Swami replied: O Learned and Devoted Servants of God! The Pūrva Mīmāṃsaka idea that sound produces some effects beyond what can be explained scientifically, is not at all valid. It does not matter even if the sound is the sound of the recitation of the Veda. Apart from the scientifically-explainable physical effects of sound, the sound of certain words may produce some effects in human beings, but such effects are based on the human beings...

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HOW CAN TIME BE DEFINED IN TERMS OF SPACE?
Posted on: 09/04/2020

[Advanced topic meant for intellectuals only] Dr. Nikhil asked: In Your answer to the question “Why did God create the universe through a very slow process of evolution?”, dated March 09, 2020, You have stated the following: “This picture also includes the fourth relative dimension, time, which gives the exact time in terms of distance, at which the accident took place.” Based on it, I would like to know how time can be defined in terms of distance (or space)? As per special relativity, space-time is one continuum and there is no concept of simultaneity. But it does not literally mean that time is defined in terms of space or length.

Swami replied: We hear older people in villages saying to youngsters “Why are you not rising from the bed? The time is now two full hands after sunrise” (Bāredu poddu ekkindi” in Telugu). What is the meaning of two full hands after sunrise? It means that the sun is at a height of two full hands from the point of sunrise (horizon), which is about 10 a.m. Here time is stated in terms of distance. After all, time on earth...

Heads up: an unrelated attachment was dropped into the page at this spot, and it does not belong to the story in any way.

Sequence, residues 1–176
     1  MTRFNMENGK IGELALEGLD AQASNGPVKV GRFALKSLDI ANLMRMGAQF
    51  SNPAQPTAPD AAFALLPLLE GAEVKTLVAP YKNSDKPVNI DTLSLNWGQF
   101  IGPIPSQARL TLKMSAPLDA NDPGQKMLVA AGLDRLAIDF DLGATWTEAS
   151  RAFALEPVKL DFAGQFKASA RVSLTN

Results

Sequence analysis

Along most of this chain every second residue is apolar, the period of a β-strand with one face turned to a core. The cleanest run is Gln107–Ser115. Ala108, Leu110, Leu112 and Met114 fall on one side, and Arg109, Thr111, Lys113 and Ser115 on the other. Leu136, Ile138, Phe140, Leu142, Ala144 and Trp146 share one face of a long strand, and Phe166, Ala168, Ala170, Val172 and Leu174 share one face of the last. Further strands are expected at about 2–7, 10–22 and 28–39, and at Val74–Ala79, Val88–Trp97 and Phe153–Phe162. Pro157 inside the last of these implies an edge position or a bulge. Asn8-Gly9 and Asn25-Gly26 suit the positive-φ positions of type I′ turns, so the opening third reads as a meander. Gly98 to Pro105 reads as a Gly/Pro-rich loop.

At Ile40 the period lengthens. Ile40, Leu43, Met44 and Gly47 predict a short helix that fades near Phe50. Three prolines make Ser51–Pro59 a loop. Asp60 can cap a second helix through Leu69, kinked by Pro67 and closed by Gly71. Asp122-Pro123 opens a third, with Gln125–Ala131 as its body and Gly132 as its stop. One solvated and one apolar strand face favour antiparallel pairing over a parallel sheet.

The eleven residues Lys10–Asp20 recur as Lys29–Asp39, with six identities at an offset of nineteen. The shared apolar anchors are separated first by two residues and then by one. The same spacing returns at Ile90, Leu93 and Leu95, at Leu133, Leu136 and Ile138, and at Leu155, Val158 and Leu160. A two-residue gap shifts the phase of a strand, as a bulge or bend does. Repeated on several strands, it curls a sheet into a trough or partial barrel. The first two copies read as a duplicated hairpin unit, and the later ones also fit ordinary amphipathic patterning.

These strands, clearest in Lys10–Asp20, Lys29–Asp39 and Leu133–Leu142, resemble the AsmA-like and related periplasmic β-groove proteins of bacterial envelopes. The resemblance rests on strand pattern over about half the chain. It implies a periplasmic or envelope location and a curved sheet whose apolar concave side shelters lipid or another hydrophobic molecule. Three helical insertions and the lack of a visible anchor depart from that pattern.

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NO CAUSE-EFFECT IN A CONTINUOUS PROCESS?
Posted on: 29/03/2020

[This is a conversation between Shri J. Prasad, Professor of Sanskrit, Central University, Hyderabad, Dr. Nikhil and Swami. It contains advanced concepts meant for scholars only.]

Dr. J. Prasad: A scholar is debating for the past three months with other scholars on verse 16.8 from the Gita. The second line of the verse is “Aparaspara-sambhūtām, kimanyat kāma haitukam”. Every commentator has interpreted this verse to be referring to a cause-effect relationship. However, this scholar is arguing that no cause-effect relationship is necessary in a continuous process. He quotes the grammarian, Pāṇini who has used the word ‘aparaspara’ with reference to a continuing process. Could You please clarify if all commentrators have erred in assuming a cause-effect relationship for a continuous process?

Swami: Does the scholar think that all the commentators like Śaṅkara had not read Pāṇini and that he is the only one, who has read the grammar of Pāṇini? Pāṇini came first. Thereafter, the commentators like Śaṅkara came second and the present scholar is the third. The knowledge of the first was already present with the second. The third has only come after the second. Pāṇini used this word aparaspara with reference to a continuous process (Avicchinna kriyā sāntatyam). You cannot say that the concept...

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AUTHORITIES FOR KNOWING GOD
Posted on: 21/11/2019

This mahā satsaṅga is meant for intellectuals who are familiar with logic.